The International Corruption Hunters Network is the latest initiative of the World Bank to help thwart fraud and corruption in the use of aid money. For the Guardian’s Larry Elliott, “the idea is a good one.”
Elliott says, “There are countless individual agencies around the world dedicated to stamping out financial crime: pooling their expertise should make it more difficult for the venal to get away with it.”
In fiscal 2010, the bank has debarred 45 firms, individuals, and non-governmental organizations, preventing them from participating in future World Bank-financed projects for varying periods of time, according to the latest annual report of the bank’s Integrity Vice Presidency.
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The bank has trained nearly 1,200 people in preventive activities against fraud and corruption such as identifying red flags in procurement and managing integrity risks in development projects, according to the report.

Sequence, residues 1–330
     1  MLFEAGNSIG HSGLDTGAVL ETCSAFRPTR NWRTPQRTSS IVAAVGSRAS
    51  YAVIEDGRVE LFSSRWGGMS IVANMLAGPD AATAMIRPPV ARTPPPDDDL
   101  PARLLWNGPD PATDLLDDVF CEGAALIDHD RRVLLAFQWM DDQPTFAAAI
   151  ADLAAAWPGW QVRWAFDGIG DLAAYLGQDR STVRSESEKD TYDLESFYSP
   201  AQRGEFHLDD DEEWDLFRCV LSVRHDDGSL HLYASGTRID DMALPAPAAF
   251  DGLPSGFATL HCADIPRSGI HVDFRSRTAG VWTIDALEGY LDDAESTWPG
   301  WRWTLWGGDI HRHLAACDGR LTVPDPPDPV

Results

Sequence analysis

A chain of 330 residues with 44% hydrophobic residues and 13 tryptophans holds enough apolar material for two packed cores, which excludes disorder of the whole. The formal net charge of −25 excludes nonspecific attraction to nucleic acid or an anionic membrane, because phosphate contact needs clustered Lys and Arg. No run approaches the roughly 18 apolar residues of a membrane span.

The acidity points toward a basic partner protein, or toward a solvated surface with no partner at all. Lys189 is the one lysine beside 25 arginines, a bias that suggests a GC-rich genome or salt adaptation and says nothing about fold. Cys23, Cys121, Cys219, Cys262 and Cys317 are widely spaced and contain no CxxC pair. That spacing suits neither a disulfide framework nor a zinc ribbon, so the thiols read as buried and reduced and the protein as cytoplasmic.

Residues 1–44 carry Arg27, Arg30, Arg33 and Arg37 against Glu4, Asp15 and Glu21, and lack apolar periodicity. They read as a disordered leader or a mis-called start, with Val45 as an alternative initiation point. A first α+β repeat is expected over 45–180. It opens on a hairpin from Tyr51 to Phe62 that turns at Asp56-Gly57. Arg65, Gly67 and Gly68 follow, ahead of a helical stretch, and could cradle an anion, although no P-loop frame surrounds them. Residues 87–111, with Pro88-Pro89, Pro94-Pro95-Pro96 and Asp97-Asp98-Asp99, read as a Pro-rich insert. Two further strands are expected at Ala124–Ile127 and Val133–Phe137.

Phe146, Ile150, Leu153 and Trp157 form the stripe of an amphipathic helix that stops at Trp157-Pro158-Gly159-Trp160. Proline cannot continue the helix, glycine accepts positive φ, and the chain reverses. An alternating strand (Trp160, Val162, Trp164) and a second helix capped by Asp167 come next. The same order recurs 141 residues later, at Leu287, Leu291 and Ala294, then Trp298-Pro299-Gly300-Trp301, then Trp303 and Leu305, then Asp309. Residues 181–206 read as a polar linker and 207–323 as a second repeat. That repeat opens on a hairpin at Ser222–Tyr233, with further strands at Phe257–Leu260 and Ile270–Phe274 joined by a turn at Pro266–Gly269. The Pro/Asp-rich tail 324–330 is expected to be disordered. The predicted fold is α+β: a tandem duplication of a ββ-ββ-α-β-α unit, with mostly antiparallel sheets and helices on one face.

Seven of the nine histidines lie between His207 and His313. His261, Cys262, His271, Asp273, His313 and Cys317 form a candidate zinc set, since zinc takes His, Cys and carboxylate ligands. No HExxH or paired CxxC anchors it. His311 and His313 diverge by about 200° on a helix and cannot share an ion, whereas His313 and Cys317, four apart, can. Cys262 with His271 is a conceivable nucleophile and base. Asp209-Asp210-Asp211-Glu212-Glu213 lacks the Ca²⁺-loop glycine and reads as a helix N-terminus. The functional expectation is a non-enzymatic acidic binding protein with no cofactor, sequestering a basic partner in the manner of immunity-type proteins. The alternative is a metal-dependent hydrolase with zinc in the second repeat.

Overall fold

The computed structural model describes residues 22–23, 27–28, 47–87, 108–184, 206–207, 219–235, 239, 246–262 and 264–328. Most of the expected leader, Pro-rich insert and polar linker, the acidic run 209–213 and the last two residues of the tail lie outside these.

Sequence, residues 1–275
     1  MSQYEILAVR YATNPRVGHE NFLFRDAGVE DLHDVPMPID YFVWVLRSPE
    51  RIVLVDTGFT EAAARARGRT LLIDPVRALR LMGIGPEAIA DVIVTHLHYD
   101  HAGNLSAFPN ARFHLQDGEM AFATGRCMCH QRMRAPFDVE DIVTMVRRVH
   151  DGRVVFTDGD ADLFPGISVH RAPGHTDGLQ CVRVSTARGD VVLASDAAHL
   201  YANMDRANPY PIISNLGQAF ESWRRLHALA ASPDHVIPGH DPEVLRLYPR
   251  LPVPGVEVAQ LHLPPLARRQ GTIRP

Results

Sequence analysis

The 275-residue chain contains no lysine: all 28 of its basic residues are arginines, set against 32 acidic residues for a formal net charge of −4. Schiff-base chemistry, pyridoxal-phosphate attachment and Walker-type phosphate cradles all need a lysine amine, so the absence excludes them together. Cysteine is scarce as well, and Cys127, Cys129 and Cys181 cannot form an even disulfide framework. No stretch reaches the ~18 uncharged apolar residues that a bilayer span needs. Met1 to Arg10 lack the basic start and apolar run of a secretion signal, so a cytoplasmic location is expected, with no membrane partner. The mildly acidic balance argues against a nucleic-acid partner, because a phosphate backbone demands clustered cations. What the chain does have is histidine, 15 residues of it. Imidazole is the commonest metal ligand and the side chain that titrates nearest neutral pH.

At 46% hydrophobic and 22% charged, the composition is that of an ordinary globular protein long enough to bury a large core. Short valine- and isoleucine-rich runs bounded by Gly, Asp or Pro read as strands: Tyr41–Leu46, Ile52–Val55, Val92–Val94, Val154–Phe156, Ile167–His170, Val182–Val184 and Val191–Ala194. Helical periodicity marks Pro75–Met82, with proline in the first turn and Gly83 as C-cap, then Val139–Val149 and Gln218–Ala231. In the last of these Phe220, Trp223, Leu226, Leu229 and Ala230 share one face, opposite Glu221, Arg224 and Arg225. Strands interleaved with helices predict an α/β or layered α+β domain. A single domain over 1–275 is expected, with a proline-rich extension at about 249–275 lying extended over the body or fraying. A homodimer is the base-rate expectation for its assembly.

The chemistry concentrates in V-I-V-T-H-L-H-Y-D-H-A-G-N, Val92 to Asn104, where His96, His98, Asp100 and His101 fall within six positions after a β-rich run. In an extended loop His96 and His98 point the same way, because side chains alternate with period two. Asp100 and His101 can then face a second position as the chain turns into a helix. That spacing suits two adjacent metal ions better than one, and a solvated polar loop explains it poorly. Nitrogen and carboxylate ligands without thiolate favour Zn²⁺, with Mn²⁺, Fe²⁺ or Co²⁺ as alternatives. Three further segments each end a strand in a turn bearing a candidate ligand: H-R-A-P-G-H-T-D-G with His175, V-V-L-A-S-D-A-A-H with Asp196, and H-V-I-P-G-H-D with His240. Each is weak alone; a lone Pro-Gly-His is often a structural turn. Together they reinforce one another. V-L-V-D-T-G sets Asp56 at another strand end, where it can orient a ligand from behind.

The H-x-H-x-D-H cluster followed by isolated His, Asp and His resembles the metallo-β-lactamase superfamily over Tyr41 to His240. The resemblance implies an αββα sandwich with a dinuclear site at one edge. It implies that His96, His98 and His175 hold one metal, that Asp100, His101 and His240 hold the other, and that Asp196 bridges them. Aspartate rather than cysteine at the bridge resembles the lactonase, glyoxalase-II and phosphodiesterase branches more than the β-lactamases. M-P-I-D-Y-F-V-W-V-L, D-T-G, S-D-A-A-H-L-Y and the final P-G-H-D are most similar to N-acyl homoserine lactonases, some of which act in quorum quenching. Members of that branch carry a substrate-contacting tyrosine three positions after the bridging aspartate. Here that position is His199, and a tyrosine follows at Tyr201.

The report adds that the bank has forwarded 32 referrals of investigative findings to governments and anti-corruption agencies to allow them to conduct their own criminal investigations to determine if laws of their countries have been violated and take corrective measures.
Leonard McCarthy, World Bank vice president on integrity, told Elliott that the budget for the integrity unit increased from USD13.3 million to USD18.7 million between 2006 and 2010. Its staff also increased from 46 to 98 in the same period.
“The bank can say, therefore, that it is putting its money where its mouth is,” Elliott notes.
The World Bank, along with other development banks, formalized in April a cross debarment agreement to jointly blacklist and debar companies and consultants found to have engaged in corrupt practices in bank-financed development projects.